When was the last time you saw a Rs 6,500 phone steal the limelight from the launch of another phone that was priced more than twice as much? Well, we suspect that is exactly what happened when Xiaomi unveiled the Redmi A1 at the launch event of the Redmi 11 Prime series. The A1 was supposed to be an add-on, the “one more thing” in Applespeak to the main products, but ended up stealing the thunder from the Redmi 11 Prime in terms of attention.

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Redmi A1: Note-worhty surprise, but not like the Note

The Redmi A1 made such an impact because it was very unlike any phone that Xiaomi had released in a while. In fact, some would say that it is the biggest surprise Xiaomi has sprung on the Indian phone market since it stunned everyone by bringing high refresh rate AMOLED displays to its Note series at surprisingly affordable prices in 2020. But while it raised eyebrows as the Redmi Note 10 Pro did in 2020, the Redmi A1 is a very different device from not just the Note series but from any Xiaomi phone released for a few years. In many ways, it follows a different path from other devices Xiaomi has launched since arriving in the Indian market in 2014.

Ever since its arrival on Indian shores, Xiaomi has been bossing the market by following a “great specs at an amazing price” formula. While it started building its market share from the sun-Rs 10,000 category, it has, in recent times, moved well beyond it. The best-selling Redmi Note series starts well above Rs 10,000 and goes beyond Rs 20,000 as well. It is not as if Xiaomi has taken its eyes off the sub-Rs 10,000 segment. The brand has regularly released devices with the A suffix and the Prime series. But there has been a shift in terms of attention to higher price points over the past years. And this shift has been even more emphatic over the past year as component prices have risen and availability dipped in a Pandemic-hit world.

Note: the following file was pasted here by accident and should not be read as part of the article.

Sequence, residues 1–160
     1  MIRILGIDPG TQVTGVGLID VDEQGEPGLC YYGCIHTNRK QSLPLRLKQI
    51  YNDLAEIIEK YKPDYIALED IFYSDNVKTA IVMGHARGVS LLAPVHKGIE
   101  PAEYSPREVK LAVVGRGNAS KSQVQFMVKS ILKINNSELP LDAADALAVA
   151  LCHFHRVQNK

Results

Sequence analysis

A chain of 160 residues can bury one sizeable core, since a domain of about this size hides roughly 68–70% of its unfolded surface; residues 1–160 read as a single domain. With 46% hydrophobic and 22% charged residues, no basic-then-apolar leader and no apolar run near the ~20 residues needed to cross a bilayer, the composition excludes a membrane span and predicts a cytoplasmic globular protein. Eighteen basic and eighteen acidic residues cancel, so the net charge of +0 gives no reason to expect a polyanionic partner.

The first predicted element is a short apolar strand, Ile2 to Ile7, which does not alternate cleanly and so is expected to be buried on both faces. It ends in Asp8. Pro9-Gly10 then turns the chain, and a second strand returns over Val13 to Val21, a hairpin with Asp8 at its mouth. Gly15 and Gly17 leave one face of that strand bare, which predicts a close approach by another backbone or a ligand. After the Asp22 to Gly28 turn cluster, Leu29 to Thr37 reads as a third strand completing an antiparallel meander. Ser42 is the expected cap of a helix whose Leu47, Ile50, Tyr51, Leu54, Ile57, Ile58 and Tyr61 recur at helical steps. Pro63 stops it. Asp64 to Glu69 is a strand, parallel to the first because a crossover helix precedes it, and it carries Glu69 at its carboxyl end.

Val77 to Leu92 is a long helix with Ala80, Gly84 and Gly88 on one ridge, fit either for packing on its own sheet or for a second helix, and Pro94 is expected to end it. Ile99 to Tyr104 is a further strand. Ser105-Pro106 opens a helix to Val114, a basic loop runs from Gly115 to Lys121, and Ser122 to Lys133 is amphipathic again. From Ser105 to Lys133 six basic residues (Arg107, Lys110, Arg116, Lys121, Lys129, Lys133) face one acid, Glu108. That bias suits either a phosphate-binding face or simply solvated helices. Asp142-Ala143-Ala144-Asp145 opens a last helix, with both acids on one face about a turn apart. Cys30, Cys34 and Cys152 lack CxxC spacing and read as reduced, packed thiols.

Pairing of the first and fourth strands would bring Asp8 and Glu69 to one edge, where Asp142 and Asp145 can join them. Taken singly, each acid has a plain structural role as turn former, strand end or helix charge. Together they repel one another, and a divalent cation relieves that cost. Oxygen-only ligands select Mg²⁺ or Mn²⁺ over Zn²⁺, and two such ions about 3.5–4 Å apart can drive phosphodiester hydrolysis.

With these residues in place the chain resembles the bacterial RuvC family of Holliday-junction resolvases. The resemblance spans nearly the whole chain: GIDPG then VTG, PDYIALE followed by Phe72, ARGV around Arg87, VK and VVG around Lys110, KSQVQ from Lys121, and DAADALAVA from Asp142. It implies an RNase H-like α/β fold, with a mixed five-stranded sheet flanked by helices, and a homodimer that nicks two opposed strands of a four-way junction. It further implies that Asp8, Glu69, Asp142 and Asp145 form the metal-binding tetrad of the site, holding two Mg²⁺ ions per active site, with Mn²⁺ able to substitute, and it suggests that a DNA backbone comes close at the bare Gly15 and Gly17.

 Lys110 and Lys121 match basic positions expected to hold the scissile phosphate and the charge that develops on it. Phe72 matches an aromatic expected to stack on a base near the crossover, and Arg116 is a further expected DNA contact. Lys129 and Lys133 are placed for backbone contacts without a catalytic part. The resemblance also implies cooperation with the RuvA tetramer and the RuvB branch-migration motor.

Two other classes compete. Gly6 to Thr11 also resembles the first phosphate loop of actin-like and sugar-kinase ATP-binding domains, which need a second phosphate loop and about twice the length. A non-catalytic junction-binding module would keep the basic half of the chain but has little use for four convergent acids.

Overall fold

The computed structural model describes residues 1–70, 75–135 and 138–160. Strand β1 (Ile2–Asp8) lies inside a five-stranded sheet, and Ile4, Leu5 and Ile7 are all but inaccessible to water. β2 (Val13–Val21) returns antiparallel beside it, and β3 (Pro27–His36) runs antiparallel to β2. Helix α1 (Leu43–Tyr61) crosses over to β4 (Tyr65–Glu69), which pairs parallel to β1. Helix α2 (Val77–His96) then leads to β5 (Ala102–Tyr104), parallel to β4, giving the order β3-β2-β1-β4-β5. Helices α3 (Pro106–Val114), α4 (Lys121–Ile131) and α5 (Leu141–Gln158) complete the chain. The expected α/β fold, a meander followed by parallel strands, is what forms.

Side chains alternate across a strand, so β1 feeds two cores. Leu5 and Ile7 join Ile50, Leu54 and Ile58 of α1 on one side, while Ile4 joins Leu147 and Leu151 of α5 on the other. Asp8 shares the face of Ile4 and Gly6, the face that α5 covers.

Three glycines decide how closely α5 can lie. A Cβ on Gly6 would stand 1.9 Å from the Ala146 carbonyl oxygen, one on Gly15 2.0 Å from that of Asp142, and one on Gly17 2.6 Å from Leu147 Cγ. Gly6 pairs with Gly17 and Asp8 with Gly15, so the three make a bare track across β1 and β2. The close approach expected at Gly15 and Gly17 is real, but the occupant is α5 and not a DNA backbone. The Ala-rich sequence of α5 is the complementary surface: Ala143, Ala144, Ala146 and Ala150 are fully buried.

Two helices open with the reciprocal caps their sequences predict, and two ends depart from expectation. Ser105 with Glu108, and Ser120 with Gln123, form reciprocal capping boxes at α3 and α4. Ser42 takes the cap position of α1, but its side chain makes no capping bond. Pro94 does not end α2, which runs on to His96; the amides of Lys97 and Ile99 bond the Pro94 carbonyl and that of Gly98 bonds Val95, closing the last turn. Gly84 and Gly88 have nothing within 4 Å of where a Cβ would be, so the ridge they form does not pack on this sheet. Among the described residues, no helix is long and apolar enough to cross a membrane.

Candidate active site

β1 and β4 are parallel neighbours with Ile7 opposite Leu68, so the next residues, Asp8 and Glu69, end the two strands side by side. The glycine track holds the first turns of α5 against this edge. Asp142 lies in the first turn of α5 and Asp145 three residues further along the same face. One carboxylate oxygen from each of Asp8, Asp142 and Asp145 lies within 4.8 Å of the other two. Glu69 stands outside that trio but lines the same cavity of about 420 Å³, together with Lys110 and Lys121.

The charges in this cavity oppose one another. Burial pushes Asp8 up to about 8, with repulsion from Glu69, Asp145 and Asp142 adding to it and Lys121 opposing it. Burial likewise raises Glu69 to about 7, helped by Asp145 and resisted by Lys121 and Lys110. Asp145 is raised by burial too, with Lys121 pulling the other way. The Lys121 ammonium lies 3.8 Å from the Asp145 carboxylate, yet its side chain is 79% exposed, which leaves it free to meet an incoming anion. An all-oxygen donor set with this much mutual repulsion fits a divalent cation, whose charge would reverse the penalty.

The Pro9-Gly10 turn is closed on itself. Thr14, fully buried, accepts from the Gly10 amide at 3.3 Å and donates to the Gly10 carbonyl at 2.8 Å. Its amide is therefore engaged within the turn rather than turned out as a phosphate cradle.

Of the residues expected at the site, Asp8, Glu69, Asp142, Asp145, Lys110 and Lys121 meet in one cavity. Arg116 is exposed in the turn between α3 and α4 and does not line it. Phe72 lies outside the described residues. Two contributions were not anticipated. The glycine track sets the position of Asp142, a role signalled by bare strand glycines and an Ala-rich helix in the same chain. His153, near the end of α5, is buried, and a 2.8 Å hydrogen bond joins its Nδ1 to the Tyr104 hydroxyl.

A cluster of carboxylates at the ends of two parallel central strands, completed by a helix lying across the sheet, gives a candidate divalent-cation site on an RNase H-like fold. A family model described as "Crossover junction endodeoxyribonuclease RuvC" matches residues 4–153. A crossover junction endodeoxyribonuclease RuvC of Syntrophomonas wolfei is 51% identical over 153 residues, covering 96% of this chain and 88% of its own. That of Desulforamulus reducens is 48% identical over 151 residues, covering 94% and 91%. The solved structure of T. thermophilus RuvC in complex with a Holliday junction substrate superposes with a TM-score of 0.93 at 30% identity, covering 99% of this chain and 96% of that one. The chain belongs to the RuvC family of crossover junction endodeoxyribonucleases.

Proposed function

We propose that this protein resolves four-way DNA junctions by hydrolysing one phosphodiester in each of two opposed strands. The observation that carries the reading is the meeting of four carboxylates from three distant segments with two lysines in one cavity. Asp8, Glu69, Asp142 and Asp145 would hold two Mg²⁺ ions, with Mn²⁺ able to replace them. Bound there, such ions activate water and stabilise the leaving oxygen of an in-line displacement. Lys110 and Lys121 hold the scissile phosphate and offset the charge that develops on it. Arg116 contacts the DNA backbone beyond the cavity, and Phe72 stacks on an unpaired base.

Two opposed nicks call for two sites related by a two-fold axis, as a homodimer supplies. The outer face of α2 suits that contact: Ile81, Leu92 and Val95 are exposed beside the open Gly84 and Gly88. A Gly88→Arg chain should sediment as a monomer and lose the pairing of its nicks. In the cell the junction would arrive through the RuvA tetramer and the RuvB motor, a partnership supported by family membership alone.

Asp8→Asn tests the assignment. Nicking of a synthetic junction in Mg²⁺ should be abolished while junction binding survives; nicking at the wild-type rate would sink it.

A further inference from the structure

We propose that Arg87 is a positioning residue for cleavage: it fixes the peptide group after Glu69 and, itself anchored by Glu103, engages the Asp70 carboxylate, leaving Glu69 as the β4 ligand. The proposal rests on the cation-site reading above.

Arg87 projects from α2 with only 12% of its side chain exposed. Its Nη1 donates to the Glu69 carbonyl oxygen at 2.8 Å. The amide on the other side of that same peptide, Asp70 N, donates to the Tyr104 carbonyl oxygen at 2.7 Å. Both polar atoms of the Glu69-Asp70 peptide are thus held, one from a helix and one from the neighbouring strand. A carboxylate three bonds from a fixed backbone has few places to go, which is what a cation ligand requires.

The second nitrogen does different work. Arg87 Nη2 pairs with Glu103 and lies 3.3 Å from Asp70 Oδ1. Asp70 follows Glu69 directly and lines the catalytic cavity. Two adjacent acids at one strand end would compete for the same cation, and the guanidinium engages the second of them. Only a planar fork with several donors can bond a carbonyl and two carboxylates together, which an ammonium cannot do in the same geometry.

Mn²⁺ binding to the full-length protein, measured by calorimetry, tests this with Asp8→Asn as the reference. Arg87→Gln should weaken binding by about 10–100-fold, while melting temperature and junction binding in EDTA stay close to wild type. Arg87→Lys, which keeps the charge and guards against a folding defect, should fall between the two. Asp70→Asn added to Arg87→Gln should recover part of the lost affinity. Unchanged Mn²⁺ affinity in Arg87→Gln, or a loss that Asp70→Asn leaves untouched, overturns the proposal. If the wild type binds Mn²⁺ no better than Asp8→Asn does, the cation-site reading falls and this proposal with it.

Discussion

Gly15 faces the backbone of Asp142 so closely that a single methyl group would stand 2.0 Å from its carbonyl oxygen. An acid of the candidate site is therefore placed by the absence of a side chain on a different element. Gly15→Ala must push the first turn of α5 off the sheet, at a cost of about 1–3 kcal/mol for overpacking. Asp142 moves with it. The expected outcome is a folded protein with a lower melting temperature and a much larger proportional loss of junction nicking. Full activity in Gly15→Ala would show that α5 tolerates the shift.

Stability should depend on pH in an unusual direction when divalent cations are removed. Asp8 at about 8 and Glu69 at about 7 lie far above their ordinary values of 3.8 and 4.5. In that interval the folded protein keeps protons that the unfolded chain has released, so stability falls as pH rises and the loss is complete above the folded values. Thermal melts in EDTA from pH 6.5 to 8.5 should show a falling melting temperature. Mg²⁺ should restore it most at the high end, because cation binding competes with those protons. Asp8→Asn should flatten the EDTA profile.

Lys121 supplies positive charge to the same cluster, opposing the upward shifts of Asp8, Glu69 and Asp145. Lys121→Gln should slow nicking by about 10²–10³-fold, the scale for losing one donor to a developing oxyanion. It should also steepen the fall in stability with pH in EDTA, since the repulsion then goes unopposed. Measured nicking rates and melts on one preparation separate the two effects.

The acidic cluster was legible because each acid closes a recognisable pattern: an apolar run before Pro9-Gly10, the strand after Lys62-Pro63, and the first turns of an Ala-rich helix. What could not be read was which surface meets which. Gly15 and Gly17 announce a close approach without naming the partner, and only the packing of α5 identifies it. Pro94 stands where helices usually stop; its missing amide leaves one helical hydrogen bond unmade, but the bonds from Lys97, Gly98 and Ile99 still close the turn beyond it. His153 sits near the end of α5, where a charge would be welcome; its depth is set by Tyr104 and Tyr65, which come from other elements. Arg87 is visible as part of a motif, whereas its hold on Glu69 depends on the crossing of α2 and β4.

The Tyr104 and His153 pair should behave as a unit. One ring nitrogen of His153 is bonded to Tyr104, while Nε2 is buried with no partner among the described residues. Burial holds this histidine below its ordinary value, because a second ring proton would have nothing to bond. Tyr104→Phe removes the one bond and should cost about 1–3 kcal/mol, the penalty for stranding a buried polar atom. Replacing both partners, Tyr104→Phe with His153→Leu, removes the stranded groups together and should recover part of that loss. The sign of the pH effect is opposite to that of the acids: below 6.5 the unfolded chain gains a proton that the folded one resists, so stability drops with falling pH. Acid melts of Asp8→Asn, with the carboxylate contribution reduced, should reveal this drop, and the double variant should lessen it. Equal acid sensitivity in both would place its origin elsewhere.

Redmi A1: Xiaomi returns to the super-affordable smartphone segment

At a time when Xiaomi’s attention seems to be largely focused on the Rs 10,000 and above market, the Redmi A1’s arrival perhaps serves as a reminder that the brand is by no means done with the four-figure price zone. At Rs 6,499, the Redmi A1 is the most affordable Xiaomi phone launched in India since the Redmi 9A, which was launched two years ago at Rs 6,799 as Desh ka Smartphone, the smartphone of the (Indian) nation.

However, the Redmi A1 is a very different kettle of fish from the A-suffixed Redmi devices of the past. Those were supposed to be the super affordable end of a single number series – there would be a Redmi Note X, a Redmi X Prime, a Redmi X, and a Redmi XA, in descending order of affordability. The Redmi A1 has no real affiliation to any such Note or Prime number. It is very much a device in its own zone.

Redmi A1: Dropping MIUI for “pure Android”

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And perhaps the biggest sign of its “independence” is the fact that it is the first Redmi device to be released in India without Xiaomi’s iconic MIUI interface. The Redmi A1 runs on what Xiaomi terms “clean Android 12” – it is interesting to note that the brand refused to use the S(tock) Android term to refer to the UI on the device. Xiaomi claims it has gone with this less feature-rich interface because the A1 caters to an audience that just wants a phone to work smoothly with minimum fuss and is not interested in bells and whistles.